On the positive side, Orullian demonstrates some great character writing.  Roth, the primary antagonist of this volume is a real piece of work.  He is despicable, arrogant, self-serving, ambitious, fervent, and fanatical, and yet, Orullian gives the reader insight into what actually motivates this man.  Roth could easily have become a caricature of an overly-melodramatic villain with moustache twirling plans, but what makes him truly fascinating and horrifying is his steadfast conviction that he is in the right.  Even more worrying is that some of his arguments and reasons sound eminently reasonable.  He is no frothing at the mouth mad-man, but a calculating and passionate advocate for a particular world view.  Orullian managed to create a character compelling enough to hold my interest, fascinate me, and, at the same time, make me want to stab him… in the face… with a saw-blade… repeatedly… So as a villain he is compelling, has depth and understandable motivation, and wants to save the world from what he sees are its faults.  The fact that those are the very things actually protecting the world puts him clearly in the villain camp, but we can understand why he acts the way he does.  Like Kevin Spacey’s character in House of Cards (2013-) he is someone whom you love to hate, but whom you can almost admire.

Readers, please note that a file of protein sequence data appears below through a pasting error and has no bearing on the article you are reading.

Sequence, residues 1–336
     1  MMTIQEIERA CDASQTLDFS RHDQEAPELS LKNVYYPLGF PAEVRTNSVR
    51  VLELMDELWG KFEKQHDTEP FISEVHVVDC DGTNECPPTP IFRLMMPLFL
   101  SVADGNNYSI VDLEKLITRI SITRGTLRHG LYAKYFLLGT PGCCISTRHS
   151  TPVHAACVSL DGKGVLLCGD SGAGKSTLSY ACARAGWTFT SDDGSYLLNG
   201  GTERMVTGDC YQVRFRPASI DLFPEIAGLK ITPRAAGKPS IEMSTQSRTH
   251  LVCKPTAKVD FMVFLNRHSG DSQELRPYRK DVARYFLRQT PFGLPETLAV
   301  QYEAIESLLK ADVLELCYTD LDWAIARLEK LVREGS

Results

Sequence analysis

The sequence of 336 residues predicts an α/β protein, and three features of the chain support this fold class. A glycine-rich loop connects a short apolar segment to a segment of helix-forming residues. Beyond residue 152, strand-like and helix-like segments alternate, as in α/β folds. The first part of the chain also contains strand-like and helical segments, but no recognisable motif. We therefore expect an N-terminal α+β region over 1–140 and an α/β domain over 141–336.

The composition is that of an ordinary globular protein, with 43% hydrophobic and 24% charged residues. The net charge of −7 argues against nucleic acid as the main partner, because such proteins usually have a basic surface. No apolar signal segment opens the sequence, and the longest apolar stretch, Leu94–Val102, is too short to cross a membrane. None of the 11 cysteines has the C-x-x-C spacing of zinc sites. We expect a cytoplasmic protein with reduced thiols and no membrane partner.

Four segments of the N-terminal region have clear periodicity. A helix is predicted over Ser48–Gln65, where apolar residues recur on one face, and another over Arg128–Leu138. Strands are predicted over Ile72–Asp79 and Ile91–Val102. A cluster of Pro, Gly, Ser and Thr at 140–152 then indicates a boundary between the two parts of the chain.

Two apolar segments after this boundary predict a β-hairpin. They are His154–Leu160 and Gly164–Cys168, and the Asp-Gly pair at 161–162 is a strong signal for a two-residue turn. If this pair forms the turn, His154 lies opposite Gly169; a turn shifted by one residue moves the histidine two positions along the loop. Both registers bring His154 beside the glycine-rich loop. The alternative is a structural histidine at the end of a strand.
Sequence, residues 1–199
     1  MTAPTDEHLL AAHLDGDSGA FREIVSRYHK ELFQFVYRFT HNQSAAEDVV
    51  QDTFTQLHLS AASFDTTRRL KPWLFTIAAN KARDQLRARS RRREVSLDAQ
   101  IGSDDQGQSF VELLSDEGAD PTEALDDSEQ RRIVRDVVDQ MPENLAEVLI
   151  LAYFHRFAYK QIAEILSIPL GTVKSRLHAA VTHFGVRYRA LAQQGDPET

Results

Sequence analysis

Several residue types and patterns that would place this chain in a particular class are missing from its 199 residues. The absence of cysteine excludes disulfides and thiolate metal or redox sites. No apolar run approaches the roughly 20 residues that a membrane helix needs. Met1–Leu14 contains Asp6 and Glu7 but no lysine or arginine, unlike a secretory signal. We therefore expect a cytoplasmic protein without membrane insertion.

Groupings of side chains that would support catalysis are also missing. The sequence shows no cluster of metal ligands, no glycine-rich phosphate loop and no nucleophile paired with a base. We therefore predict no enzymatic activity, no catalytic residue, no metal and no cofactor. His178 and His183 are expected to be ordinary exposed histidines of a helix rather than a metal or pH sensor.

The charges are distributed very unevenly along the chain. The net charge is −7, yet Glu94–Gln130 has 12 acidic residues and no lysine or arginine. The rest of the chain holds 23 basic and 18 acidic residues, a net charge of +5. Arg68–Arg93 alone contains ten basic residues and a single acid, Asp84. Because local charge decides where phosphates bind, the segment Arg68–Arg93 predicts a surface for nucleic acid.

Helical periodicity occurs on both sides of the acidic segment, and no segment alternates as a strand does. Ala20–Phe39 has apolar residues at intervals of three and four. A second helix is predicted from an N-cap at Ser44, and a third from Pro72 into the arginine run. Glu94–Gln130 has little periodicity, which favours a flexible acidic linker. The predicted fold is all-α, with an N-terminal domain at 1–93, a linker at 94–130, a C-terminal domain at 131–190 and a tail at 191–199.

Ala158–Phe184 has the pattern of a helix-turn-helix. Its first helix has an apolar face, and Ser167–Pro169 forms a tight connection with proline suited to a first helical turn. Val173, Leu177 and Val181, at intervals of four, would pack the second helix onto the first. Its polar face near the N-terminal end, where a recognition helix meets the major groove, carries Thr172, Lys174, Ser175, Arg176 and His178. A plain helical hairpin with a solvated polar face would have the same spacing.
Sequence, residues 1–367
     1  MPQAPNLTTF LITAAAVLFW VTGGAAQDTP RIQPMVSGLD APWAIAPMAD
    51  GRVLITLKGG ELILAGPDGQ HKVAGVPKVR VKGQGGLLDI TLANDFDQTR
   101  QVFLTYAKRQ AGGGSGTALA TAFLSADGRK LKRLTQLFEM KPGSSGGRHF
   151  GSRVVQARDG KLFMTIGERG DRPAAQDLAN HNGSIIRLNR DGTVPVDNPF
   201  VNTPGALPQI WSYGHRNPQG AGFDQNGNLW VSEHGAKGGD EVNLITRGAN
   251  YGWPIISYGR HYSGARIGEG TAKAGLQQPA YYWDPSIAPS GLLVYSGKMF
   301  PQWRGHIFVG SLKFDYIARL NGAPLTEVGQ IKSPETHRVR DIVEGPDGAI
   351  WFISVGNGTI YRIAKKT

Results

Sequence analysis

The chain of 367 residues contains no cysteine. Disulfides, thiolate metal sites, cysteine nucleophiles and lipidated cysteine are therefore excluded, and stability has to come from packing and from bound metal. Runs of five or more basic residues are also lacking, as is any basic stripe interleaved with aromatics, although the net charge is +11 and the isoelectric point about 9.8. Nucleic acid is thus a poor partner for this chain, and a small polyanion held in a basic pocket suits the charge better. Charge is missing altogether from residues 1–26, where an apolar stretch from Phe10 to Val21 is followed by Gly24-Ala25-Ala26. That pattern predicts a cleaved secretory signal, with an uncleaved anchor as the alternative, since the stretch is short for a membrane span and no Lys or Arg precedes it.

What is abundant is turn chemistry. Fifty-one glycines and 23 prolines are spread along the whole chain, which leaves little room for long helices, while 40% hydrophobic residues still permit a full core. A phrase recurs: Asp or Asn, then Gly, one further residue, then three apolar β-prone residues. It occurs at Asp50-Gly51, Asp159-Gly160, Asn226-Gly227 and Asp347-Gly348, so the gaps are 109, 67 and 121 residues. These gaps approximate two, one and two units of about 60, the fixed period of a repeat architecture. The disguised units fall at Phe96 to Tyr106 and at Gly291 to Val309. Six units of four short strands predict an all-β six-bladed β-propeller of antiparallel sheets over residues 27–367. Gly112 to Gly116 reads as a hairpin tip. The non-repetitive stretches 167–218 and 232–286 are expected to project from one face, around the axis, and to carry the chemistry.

Helaina, on the other side of the political conflict, is also another character who grows leaps and bounds in this story.  She is very much the mirror of Roth.  He came from the streets, she was a child in a wealthy merchant family.  He is a fanatic who will sacrifice anyone to achieve his ends, she is a moderate who wants to work with people to bring them around to her way of thinking.  Yet both want what they see as best for the people, they are both willing to do what is necessary, even if it isn’t the most popular decision, and they are both convinced that their way is the right way.  Just like Roth, she has a vision for a better world.  Unfortunately for her, Roth’s vision and her own are entirely incompatible and are mutually exclusive.  Because of the constant opposition from the League of Civility she is struggling to hold the city, the land, and the world together in the face of an impending invasion from magical creatures and is in danger of losing everything to Roth before the Quiet even invade.  Her allies, the Sheason and the Descant, are directly threatened by the League.  Potential political allies are being manipulated or threatened.  She is beset on all sides yet displays enormous strength of will under the trying circumstances.